By David Lyons
Last summer Andy Nyirenda climbed on his bicycle with his suitcase and pedaled from his rural Malawian village for many miles to a bus station. He then boarded a crowded bus that took him many more miles to an airport. From there he flew from Malawi to Cambodia to join other next generation Navigator leaders who are being prepared to lead into the future.
Andy is a model of a new generation rising up to fulfill our calling to serve among the poor.
(To watch a video about Andy and what God is doing in rural Malawi, please follow this link: https://vimeo.com/150467525)
The Navigator movement started with sailors in World War II. After the war, the movement spread to college campuses through sailors who received scholarships for young war veterans. Since then, as those students carried the Gospel around the globe, the movement has now spread to 115 nations.
For years, Navigators worked primarily among middle class people. But the Gospel of Jesus and His kingdom also calls us to the poor and marginalized. Today more and more Navigator disciples like Andy are responding to that aspect of our Navigator Calling.
Andy was discipled by Navigators working in a university ministry where they were praying that God would send someone to the rural poor of Malawi. One day Andy said, “We’ve prayed long enough; it’s time for us to be the answer to those prayers.”
Andy went and literally pitched a tent in the rural village of Lushombe. There was no electricity or running water. He taught himself to build a home and a toilet. He learned how to farm. And he lived among the villagers.
Crowds of children would gather at his home to watch Tom and Jerry videos on his phone. But someone in the village began spreading rumors that Andy planned to kidnap and sell their children, so they stopped coming to his home.
One day the village chief asked Andy to preach at the funeral of the very man who had spread the rumors about Andy. Andy laughed at the irony of the situation. He performed the funeral and the village began to see more and more of Christ in Andy.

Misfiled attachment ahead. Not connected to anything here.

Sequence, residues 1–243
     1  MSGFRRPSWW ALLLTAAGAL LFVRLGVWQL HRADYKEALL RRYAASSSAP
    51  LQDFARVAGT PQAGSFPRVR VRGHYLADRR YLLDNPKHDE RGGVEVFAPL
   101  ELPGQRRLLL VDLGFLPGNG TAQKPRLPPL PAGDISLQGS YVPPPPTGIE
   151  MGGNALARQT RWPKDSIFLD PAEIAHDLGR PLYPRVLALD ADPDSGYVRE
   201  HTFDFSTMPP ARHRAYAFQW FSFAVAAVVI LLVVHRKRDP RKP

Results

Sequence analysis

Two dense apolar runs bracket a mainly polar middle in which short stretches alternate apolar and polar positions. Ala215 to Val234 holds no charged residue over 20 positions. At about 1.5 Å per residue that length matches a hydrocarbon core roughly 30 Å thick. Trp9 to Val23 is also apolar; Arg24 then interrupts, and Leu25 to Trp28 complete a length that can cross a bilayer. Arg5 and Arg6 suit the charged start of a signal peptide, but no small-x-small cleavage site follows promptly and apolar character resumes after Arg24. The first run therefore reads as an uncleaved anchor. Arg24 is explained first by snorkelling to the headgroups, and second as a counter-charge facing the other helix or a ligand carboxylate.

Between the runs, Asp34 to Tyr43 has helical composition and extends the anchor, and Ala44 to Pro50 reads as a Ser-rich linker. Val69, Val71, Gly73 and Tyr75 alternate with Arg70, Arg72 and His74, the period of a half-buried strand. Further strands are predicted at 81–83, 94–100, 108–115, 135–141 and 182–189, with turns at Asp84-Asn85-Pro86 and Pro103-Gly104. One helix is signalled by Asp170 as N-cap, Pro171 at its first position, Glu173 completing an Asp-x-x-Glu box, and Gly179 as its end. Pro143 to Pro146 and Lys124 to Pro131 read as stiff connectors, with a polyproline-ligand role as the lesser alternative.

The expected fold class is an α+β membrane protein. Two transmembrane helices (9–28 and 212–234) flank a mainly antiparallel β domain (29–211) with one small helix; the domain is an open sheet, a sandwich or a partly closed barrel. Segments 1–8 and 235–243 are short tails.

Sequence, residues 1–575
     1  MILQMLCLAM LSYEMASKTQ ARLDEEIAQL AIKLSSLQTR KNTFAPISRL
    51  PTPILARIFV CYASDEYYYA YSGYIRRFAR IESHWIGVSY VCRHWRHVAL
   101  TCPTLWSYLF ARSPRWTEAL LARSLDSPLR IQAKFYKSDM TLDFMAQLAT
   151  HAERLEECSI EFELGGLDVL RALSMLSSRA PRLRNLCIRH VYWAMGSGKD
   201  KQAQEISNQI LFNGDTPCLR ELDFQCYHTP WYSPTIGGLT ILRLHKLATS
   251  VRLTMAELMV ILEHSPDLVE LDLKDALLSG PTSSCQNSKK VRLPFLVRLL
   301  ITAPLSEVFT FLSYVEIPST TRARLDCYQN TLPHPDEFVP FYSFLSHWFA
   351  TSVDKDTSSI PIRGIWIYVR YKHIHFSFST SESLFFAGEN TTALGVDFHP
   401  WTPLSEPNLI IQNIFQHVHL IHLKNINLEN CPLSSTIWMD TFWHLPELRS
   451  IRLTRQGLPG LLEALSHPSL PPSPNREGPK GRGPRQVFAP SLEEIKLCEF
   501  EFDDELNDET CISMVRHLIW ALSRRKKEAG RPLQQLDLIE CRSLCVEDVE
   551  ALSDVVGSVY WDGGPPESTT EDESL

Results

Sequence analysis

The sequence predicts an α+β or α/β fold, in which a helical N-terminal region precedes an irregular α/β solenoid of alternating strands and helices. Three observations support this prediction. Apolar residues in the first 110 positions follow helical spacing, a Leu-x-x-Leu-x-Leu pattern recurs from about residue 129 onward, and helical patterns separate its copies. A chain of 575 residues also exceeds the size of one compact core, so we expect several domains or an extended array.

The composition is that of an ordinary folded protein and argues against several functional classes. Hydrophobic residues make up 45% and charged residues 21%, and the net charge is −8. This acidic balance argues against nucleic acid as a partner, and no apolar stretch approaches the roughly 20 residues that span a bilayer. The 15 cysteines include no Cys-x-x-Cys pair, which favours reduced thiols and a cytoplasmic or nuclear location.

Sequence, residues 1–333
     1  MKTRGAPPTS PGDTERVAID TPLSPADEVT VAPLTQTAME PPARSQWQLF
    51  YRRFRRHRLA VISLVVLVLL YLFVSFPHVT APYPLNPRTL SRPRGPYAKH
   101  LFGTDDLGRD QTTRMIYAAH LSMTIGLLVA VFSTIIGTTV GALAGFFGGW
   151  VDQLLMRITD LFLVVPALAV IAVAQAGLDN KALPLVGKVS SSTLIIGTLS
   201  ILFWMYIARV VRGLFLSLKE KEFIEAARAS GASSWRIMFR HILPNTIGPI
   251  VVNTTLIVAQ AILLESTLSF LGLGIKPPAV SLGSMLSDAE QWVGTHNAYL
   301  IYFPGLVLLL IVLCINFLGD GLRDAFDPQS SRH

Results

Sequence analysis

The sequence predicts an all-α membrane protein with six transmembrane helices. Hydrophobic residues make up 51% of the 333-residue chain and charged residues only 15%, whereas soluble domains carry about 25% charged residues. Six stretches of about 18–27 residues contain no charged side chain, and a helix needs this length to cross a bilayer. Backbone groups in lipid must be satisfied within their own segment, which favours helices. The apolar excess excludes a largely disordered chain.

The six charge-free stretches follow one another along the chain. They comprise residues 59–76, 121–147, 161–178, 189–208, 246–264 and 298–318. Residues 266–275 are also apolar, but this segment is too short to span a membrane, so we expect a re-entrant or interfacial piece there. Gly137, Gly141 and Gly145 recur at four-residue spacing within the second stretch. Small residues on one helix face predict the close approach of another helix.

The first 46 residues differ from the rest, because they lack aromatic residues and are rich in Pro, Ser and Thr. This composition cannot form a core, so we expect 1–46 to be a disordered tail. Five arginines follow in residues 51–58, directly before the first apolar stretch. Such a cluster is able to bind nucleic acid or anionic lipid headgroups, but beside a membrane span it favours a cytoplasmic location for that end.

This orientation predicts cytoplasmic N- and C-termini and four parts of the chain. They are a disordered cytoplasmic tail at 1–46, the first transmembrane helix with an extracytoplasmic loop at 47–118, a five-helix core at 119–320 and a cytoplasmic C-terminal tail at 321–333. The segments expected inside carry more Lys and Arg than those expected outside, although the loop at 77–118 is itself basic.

A year later, God led Andy to marry Wezzie, a beautiful young woman in the village. Usually, couples in this village did not actually marry because customs made it too expensive. But Andy and Wezzie decided to set an example of how followers of Christ could marry without going into debt. Villagers brought simple wedding gifts, enough for Andy and Wezzie to trade for cows. This enabled them to demonstrate how to support themselves.
Andy’s farm grew, and he also began to raise chickens. But twice his chicken house burned to the ground. The village chief publicly urged him to consult the local spiritist to find out the cause. But Andy said, “I won’t visit him because I believe in the one true God who is in control of everything.” Among those watching was an old man who stood and said, “I feel that the God this young man worships is a true God.” Many began to seek Christ.
Today Andy is training 12 disciples in whole-life discipleship that addresses not only issues of the heart, but also health and nutrition and marriage. More than 60 couples have followed Andy and Wezzie in getting married. Andy’s 12 disciples are bicycling to another village to invest in another 12 disciples so that their village can be transformed also. Other village chiefs are asking Andy and his disciples to come to their villages too. But Andy is asking them to wait until he’s sure that the community transformation where they are serving is sustained.
Maybe more of us need to say, “We’ve prayed long enough.”
David Lyons is an International Vice President of The Navigators. He oversees international initiatives, communications, and networking of 5,000 staff in more than 100 countries. David is author of Don’t Waste the Pain.